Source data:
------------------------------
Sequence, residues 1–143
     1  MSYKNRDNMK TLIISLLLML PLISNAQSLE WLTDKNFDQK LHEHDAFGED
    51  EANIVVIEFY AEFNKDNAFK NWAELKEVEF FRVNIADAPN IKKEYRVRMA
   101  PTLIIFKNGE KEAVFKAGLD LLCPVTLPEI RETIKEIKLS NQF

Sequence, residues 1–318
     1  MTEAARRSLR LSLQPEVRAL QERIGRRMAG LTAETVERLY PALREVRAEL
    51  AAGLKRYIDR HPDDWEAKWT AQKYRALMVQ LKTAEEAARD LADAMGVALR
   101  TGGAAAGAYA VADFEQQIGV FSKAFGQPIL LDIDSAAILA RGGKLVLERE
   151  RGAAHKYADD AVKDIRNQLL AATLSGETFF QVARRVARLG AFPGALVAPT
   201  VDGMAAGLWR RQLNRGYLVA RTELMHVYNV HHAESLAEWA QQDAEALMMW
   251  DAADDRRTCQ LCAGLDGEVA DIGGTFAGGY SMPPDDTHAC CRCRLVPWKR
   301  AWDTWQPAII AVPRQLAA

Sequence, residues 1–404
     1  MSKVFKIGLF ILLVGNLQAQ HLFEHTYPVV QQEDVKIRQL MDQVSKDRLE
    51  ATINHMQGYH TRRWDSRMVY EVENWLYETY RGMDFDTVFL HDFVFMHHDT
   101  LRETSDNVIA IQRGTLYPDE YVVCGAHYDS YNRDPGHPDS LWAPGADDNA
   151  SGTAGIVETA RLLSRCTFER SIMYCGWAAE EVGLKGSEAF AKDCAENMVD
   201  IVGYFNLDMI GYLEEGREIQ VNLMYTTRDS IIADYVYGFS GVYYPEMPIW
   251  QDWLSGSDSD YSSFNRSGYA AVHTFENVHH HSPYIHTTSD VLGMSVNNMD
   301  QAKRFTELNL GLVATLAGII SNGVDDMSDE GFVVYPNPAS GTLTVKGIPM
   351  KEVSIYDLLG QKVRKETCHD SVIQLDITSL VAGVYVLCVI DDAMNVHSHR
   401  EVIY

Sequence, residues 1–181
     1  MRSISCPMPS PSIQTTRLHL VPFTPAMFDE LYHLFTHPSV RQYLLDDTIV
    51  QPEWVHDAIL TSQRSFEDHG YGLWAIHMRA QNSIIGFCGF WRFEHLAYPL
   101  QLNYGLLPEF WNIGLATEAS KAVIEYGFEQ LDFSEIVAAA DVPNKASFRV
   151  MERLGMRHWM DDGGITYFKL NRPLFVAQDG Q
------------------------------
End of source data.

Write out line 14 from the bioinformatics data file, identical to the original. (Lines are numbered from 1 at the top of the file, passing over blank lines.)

     1  MSKVFKIGLF ILLVGNLQAQ HLFEHTYPVV QQEDVKIRQL MDQVSKDRLE